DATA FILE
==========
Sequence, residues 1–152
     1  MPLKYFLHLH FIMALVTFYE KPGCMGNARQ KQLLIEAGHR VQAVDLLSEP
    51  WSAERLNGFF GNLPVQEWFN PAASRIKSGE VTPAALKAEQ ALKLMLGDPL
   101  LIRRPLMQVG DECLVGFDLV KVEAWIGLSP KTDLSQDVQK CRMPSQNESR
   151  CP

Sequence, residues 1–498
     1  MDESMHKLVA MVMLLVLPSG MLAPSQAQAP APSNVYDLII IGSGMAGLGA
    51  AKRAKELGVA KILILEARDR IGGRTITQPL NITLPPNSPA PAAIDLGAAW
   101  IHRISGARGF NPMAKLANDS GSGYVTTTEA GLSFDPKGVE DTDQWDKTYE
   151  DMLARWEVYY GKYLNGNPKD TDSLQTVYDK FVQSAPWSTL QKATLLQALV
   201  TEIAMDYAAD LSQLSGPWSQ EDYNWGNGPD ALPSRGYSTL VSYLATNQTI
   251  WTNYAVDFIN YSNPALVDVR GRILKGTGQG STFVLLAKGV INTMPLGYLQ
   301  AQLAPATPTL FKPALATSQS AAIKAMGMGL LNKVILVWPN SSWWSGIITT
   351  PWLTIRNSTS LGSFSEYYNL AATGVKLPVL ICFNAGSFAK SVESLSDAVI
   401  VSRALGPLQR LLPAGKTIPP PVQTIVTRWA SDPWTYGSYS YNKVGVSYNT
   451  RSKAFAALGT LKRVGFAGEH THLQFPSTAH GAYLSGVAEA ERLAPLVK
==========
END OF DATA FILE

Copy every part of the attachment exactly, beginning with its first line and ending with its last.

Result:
Sequence, residues 1–152
     1  MPLKYFLHLH FIMALVTFYE KPGCMGNARQ KQLLIEAGHR VQAVDLLSEP
    51  WSAERLNGFF GNLPVQEWFN PAASRIKSGE VTPAALKAEQ ALKLMLGDPL
   101  LIRRPLMQVG DECLVGFDLV KVEAWIGLSP KTDLSQDVQK CRMPSQNESR
   151  CP

Sequence, residues 1–498
     1  MDESMHKLVA MVMLLVLPSG MLAPSQAQAP APSNVYDLII IGSGMAGLGA
    51  AKRAKELGVA KILILEARDR IGGRTITQPL NITLPPNSPA PAAIDLGAAW
   101  IHRISGARGF NPMAKLANDS GSGYVTTTEA GLSFDPKGVE DTDQWDKTYE
   151  DMLARWEVYY GKYLNGNPKD TDSLQTVYDK FVQSAPWSTL QKATLLQALV
   201  TEIAMDYAAD LSQLSGPWSQ EDYNWGNGPD ALPSRGYSTL VSYLATNQTI
   251  WTNYAVDFIN YSNPALVDVR GRILKGTGQG STFVLLAKGV INTMPLGYLQ
   301  AQLAPATPTL FKPALATSQS AAIKAMGMGL LNKVILVWPN SSWWSGIITT
   351  PWLTIRNSTS LGSFSEYYNL AATGVKLPVL ICFNAGSFAK SVESLSDAVI
   401  VSRALGPLQR LLPAGKTIPP PVQTIVTRWA SDPWTYGSYS YNKVGVSYNT
   451  RSKAFAALGT LKRVGFAGEH THLQFPSTAH GAYLSGVAEA ERLAPLVK